On Tuesday, the justices of the U.S. Supreme Court convened to hear arguments challenging the constitutionality of the current limitations on the amounts individuals can contribute -- invest, really -- in federal election campaigns.
With their fashionable Lady Justice blindfolds in place, the justices took their legal swings at the piñata of politics. And rather like nine kindergarteners at a birthday party, they left the game's real goodies untouched.
This was not surprising, considering that, like most of Washington's cognoscenti, they couldn't see the reality that was right in front of them about how America really finances its campaigns. McCutcheon v. Federal Election Commission is about one narrow facet of campaign finance: Shaun McCutcheon, an Alabama engineering firm founder and conservative activist, has challenged the constitutionality of laws that cap the overall amount individuals can spend on all federal campaigns in each two-year election cycle.
Washington used to get all worked up about the need to limit the clout of special-interest money in politics -- especially the need to adopt a system of public financing of campaigns by giving tax money to candidates. But now we don't hear such talk -- because the experts know there's no chance it could happen. Especially since this conservative court has already shown it is all about liberalizing the role special-interest money can play in politics and governance.
But here's the reality: We already have public financing of our political campaigns. In fact, we've had it for years. It's a never-enacted, de facto form of public financing and an insidious waste of tax dollars. Then again, it's rarely been detected, let alone understood, by the practitioners of politics or most of their journalistic chroniclers.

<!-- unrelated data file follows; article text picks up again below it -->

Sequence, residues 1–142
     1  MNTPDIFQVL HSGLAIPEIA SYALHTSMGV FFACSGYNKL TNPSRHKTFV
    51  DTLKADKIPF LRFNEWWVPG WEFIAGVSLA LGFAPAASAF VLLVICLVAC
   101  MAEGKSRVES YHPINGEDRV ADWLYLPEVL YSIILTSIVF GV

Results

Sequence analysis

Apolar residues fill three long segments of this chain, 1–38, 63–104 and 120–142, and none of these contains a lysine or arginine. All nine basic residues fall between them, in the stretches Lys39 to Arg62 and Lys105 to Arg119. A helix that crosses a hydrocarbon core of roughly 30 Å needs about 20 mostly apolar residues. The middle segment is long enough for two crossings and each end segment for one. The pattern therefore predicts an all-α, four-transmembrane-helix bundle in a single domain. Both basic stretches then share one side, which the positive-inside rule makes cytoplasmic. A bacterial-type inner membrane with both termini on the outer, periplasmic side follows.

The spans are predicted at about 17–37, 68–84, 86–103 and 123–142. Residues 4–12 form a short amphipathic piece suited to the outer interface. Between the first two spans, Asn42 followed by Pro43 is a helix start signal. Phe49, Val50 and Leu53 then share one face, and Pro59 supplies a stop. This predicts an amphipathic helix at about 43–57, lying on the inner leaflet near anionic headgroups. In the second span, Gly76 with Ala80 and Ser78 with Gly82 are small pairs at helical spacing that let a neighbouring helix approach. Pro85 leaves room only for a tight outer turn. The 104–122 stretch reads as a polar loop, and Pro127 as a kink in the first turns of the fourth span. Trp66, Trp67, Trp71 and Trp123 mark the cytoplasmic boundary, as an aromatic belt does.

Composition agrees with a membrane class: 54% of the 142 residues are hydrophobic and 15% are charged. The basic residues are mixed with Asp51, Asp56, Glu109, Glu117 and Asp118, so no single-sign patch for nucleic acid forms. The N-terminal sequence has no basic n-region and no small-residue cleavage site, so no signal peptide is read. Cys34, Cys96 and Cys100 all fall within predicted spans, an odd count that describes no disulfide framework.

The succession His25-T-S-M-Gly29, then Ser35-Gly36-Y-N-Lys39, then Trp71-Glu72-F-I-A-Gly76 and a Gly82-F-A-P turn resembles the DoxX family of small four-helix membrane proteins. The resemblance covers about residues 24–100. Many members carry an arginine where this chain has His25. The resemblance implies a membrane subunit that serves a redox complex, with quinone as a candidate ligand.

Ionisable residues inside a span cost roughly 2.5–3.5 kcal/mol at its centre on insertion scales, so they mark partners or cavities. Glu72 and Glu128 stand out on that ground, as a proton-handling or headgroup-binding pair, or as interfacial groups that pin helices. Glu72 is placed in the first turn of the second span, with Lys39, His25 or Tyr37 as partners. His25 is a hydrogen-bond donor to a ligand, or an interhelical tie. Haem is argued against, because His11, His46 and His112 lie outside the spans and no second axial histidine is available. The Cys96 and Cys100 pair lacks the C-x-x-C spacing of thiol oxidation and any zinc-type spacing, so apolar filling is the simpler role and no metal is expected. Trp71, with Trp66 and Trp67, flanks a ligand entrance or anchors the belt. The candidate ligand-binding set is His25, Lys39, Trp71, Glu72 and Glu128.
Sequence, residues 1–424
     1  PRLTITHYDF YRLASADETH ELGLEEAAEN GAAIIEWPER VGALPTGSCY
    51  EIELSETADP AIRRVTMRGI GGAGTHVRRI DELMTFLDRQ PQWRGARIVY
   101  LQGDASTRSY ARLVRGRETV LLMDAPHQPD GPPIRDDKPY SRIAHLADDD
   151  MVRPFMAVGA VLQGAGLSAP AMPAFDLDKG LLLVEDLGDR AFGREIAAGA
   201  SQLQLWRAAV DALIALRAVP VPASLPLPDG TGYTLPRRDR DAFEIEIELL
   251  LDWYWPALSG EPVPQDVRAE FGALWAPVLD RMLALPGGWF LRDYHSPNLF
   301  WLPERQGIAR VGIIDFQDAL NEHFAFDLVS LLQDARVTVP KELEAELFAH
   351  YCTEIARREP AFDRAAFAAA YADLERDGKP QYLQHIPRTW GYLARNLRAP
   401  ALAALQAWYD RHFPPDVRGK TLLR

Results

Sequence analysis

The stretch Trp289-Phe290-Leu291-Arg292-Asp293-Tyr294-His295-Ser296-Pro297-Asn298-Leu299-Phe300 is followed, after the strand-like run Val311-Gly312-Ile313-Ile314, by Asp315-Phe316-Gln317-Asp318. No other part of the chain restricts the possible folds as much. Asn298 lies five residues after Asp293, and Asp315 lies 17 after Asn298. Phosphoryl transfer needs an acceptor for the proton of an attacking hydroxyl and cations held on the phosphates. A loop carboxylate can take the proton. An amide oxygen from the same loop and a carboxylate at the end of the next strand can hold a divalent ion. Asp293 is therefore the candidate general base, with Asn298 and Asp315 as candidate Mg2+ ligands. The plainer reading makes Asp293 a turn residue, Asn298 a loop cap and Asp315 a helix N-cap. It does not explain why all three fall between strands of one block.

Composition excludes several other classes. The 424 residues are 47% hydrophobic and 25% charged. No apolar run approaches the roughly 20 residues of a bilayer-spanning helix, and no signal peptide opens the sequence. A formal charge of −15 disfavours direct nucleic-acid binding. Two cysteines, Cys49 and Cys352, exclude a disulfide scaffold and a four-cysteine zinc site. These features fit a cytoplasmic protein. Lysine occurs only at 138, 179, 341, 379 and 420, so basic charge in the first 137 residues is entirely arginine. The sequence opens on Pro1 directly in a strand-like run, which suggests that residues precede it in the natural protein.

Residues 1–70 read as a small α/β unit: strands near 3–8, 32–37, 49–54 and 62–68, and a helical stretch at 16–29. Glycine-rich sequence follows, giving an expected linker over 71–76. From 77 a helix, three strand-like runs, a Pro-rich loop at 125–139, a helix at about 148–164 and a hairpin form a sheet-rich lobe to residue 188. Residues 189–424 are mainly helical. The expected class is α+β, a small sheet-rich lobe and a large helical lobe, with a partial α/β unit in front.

Here, step by step, is how our de facto system of public financing has been working.
1. Politicians dial for dollars, asking special-interest lobbyists to give money to their campaigns. Especially, incumbent members of Congress call the lobbyists whose special interests are regulated by the congressional committees on which the senators and representatives serve.
2. At the other end of the phone and funnel, the lobbyists want access, and potentially favors, from the senators and representatives whose committees oversee the fate of their special interest, whether it's big business or big labor. So the lobbyists make a major investment in the member's re-election. (Note: Most Washington players use the wrong words: "contributions" or "donations." But this political money is being spent for profitable, not charitable, purposes. It's an investment, made by someone in business to make profits.)
3. Well after the election, the lobbyist asks the now-grateful senator or representative to support a little tax loophole, waiver, subsidy, giveaway or regulatory look-the-other-way in a detailed bill that can greatly benefit the lobbyist's special interest. And, lo, it comes to pass.
Bottom line: The lobbyist's special-interest client invests millions in re-electing key members of Congress -- and reaps billions in profits. Those profits, of course, are funds that the client otherwise would pay in taxes and fees to the U.S. Treasury.
We haven't gotten into whether the tax money that becomes special-interest profit is spent in the public interest. Nor have we delved into whether it's such a fine public-spirited idea that it would happen even if the special interest didn't first invest in an incumbent's campaign.
We do know that, from the perspective of the special interest, it's a great business decision to invest millions in politics and reap billions in profits.
But strictly from the bottom-line perspective of the public interest, it would be more profitable to simply invest millions of tax dollars in the campaigns of all qualifying candidates. And retain in the U.S. Treasury the billions we may be spending unwisely on tax loopholes, waivers, subsidies, giveaways and regulatory look-the-other-ways.
(Martin Schram writes political analysis for Scripps Howard News Service.)